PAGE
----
Describing his stance as a "matter of principle," Bjorn Borg confirmed yesterday that he will not play at Wimbledon this summer despite a compromise offer by the All England Lawn Tennis Club.
"I will not play at Wimbledon this year because I have to go through the qualifying competition," said Borg, who has won the tournament five times. "I am being penalized for wanting to take a rest."
Borg had recently taken a five-month break from tennis and has said he deserves special consideration because he has won at Wimbledon so often.
"The Grand Prix rules are stupid," he said in an interview yesterday in Tokyo, where he is playing an exhibition match. "It's a matter of principle and it's a shame it has come to this."
When Borg came back to the circuit, he planned to compete in only seven Grand Prix events this year instead of the 10 needed to guarantee entry at Wimbledon and the U.S. and French opens.
In January, Borg asked the Men's International Professional Tennis Council (MIPTC) to waive its 10-tournament quota for him. However, the MIPTC ruled that if Borg failed to fulfill the minimum number, he would have to qualify for each event he entered, Wimbledon included.
The All England Lawn Tennis Club Thursday offered Borg direct entry to Wimbledon's main tournament without qualifying, contingent upon his agreeing to play 10 Grand Prix events between April 1, 1982 and March 31, 1983.
Before the proposal could even be formally presented, Borg indicated the arrangement was unsatisfactory.
"If I had started my schedule in January there would have been no problem," said Borg, who returned to competition last week in Monte Carlo, advancing to the quarterfinals before losing to Yannick Noah. "I still love the game. I am not planning to retire, but I won't be at Wimbledon."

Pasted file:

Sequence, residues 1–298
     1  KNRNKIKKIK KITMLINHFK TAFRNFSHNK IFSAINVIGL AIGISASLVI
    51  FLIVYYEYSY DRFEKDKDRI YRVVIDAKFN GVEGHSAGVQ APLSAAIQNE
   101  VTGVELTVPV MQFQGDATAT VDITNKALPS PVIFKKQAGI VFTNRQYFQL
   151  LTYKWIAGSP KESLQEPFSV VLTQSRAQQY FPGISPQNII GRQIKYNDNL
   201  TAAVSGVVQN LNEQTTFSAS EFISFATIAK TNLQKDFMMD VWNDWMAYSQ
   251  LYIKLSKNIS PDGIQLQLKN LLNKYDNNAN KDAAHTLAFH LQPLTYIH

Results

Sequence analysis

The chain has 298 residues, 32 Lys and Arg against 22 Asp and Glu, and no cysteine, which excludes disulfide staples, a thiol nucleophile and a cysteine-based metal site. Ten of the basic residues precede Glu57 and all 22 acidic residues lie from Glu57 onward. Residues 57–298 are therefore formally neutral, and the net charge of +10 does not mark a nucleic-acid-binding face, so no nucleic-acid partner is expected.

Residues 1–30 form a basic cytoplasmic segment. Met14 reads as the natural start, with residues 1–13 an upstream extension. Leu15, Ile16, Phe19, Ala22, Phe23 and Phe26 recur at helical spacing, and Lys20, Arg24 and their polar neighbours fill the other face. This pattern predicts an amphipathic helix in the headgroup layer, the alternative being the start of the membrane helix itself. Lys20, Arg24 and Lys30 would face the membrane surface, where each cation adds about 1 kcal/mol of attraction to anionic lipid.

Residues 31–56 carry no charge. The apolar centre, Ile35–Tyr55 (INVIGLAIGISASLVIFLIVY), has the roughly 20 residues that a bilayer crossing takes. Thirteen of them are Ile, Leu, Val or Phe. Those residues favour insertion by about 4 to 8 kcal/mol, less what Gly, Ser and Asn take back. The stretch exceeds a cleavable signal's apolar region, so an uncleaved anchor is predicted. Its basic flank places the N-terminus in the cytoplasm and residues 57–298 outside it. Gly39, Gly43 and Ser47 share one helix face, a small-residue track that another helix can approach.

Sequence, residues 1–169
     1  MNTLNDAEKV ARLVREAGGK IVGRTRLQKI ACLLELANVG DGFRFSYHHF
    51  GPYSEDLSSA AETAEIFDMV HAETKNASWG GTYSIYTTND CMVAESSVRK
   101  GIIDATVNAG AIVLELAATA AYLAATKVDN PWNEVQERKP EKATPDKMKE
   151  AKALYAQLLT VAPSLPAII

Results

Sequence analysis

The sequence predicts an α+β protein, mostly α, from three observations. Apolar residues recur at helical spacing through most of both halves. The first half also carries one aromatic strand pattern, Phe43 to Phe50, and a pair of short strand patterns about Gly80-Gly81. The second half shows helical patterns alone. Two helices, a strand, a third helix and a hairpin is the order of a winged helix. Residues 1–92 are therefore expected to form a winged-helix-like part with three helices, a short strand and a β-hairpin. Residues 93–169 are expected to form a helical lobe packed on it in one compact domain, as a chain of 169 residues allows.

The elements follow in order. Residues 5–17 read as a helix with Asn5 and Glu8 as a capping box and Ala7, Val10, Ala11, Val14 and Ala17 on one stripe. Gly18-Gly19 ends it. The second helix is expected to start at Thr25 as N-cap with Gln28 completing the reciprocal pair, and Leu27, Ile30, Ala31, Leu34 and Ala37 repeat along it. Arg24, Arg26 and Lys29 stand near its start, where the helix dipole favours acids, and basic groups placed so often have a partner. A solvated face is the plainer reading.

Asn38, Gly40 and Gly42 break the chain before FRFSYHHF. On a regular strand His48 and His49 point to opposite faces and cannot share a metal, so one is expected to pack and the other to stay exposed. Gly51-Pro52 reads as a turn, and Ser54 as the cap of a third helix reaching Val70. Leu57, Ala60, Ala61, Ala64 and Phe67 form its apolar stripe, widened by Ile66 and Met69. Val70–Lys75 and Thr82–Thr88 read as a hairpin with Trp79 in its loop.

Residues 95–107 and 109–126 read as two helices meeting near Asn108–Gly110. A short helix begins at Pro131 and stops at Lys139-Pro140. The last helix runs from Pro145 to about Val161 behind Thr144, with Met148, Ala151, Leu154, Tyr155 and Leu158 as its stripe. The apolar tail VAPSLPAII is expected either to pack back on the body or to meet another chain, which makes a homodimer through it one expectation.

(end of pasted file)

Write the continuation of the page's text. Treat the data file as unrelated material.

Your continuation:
The issue also has touched off a debate in the tennis community.
Defending Wimbledon champion John McEnroe said yesterday that Borg's absence from the tournament will be a "great loss not only for world tennis but for Wimbledon. It's a great mistake."
Guillermo Vilas, playing in a Tokyo exhibition with Borg, McEnroe and Vince Van Patten, said, "When they made the rules, they were not thinking of this guy (Borg), this champion. We're sick over it."
But the MITPC has no intention of bending its rules to accommodate Borg.
"The deadline for players to commit to 10 events in a year was Sept. 15," said Marshall Happer, administrator of the MITPC. "Borg signed the agreement, then delivered that with a letter petitioning to play just seven."
Happer said giving Borg an exemption would create serious problems. "It's very difficult to say he ought to have special treatment. Who is to say Borg should be exempt and McEnroe or Vilas shouldn't?" he said. "How do you give him priority over those players who have committed themselves?
"No one is forcing Bjorn Borg to qualify," he added. "This is the choice he made when he chose not to compete in 10 events. He's going to wind up playing in 20 or 25 tournaments anyway. I don't understand why he refuses to comply."